UPSC 2017: PIB Summary and Analysis July 27
Irradiation Facilities for Horticultural Produces
- The quantum of horticulture produce in India is large.
- Bhabha Atomic Research Centre (BARC) has been engaged in R&D work on the technology of preservation and hygienisation of food and agri-products by radiation.
- It has set up two technology demonstration units, one commissioned in the year 2000 for high dose irradiation at Vashi, Navi Mumbai, and another in 2002, for low dose irradiation, KRUSHAK (Krushi Utpadan Sanrakshan Kendra) facility at Lasalgaon, near Nashik. The facilities are being operated by the Board of Radiation & Isotope Technology (BRIT).
Harmonization of food irradiation rules with FSSAI amendment
- Recently the harmonization of food irradiation rules with the international regulation through adaptation of class wise clearance of irradiated food items by the Food Safety and Standards Authority of India (FSSAI) has taken place [Food Safety and Standards (Food Products Standards and Food Additives) Sixth Amendment Regulations, 2016] for large scale deployment of this technology.
Advantages of Irradiation
- Irradiation is very effective in treating the horticultural produces. Extension of shelf life of horticultural produces is very much dependant on the produce, variety and storage conditions.
- For many fresh agri produce subjected to irradiation and proper storage, substantial shelf life extension has been achieved.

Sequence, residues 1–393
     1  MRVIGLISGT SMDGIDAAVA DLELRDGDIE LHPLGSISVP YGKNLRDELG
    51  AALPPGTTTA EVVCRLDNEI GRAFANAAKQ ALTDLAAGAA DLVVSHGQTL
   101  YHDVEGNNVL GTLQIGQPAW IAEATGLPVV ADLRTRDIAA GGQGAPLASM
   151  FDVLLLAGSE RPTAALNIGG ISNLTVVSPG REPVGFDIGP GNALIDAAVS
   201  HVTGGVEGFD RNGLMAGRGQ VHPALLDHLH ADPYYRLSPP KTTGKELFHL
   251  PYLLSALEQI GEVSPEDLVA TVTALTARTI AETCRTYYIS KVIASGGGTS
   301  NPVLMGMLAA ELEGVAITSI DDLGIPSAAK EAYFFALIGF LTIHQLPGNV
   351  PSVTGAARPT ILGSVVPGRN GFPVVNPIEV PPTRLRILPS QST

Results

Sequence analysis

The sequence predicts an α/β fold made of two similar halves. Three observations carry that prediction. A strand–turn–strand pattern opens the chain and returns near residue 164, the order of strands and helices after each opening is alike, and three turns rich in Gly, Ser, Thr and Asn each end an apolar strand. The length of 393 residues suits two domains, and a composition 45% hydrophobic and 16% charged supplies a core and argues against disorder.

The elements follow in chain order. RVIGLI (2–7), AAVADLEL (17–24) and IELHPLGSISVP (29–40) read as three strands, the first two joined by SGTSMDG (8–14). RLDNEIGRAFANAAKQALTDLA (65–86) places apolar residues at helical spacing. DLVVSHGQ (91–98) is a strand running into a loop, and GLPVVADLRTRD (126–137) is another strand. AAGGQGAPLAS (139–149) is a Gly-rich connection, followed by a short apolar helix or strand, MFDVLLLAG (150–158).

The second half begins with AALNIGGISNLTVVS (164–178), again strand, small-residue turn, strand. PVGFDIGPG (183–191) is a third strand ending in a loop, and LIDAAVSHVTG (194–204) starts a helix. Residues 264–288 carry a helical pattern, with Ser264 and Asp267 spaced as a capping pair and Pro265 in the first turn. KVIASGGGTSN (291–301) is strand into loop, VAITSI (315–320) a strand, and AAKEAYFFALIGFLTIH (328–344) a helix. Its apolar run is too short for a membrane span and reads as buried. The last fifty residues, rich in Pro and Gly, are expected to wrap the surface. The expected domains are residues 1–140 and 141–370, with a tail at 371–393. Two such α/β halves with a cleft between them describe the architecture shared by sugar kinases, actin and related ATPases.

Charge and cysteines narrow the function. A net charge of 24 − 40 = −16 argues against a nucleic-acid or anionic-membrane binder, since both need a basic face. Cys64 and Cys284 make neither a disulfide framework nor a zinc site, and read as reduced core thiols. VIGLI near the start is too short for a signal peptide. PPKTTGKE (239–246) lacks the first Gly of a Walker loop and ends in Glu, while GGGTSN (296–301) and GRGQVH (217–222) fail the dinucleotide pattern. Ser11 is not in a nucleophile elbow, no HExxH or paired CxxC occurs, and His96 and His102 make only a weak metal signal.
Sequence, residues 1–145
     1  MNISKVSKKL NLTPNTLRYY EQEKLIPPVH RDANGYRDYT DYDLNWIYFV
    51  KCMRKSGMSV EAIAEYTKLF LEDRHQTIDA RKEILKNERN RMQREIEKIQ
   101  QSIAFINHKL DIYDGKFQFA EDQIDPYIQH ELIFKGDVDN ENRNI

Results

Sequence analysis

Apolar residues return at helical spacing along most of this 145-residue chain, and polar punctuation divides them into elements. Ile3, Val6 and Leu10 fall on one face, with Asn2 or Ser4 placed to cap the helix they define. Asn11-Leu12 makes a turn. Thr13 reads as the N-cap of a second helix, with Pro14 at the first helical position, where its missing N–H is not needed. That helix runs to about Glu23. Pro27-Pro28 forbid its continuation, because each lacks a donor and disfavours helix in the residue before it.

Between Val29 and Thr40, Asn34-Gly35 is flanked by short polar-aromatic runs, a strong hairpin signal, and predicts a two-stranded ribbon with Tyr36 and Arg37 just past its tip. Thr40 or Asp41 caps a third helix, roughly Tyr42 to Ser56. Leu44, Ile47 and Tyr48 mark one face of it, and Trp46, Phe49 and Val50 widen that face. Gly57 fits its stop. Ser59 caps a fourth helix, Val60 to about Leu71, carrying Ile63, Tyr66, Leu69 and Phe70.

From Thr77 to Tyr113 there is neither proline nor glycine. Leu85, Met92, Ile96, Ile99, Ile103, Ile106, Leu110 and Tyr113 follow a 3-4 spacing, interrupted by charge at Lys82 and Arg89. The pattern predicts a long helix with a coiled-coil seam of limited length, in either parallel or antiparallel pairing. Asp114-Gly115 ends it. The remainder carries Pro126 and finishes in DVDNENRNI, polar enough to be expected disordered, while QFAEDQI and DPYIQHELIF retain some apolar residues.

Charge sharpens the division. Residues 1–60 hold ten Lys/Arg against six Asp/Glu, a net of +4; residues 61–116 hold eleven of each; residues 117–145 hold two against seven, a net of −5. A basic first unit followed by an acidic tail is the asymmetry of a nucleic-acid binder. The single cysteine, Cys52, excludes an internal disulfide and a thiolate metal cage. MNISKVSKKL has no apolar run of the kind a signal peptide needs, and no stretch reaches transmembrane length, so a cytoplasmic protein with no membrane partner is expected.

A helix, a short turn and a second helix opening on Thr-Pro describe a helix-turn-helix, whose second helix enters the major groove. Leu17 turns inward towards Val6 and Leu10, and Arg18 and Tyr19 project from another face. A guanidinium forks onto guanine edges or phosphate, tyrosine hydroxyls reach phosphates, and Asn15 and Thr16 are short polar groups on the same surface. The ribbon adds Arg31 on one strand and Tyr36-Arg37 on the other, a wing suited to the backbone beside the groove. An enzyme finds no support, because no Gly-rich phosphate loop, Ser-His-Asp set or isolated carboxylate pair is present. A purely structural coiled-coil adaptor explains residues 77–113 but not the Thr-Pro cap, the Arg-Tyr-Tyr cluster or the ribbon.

- Processing also brings benefits to consumers in terms of availability, storage life, distribution, and improved hygiene of food.
- Irradiation can have a stabilizing effect on market price of commodities by reducing storage losses resulting in increased availability of produce.
Soil Health Card scheme
- To enable farmers to get maximum yields at lower cost, Government launched ambitious Soil Health Card scheme
- The growth of agriculture sector is being discussed for a long time, but for the first time since independence, the development work in agriculture sector along with the improvement in the economic condition of farmers have been accelerated at the grass root level.
- The government aims to double the income of farmers by 2022 and make to farmers realise their significant contribution to the nation building. To achieve this goal, action on three pillars needs to be taken.
Three pillars to double the income of farmers by 2022
- The first pillar is that the cost of production should be reduced and productivity should be increased.
- The second pillar is that farmers need to diversify and adopt other agricultural activities such as animal husbandry, poultry, goat farming, bee keeping, and timber plantation.
- The third and the most important pillar is that farmers get regulated markets close to their farms to sell their produce and earn profitable returns.
To reduce the cost of production
- To reduce the cost of production, increase the productivity and to distribute SHC to the farmers across the nation, the Government has launched this ambitious scheme.
- SHC recommends ways to improve the soil quality, appropriate dosage of nutrients for improving soil health and its fertility and analyse the nutrient level.
- Every two years the soil health will be reviewed to examine nutrients deficiencies so that corrective measures can be taken accordingly.
- The salient features of SHC include adoption of uniformed approach towards samples collection and testing in laboratories, one coverage for all the land in the country, and issue Soil Health Card every 2 years
Use of technology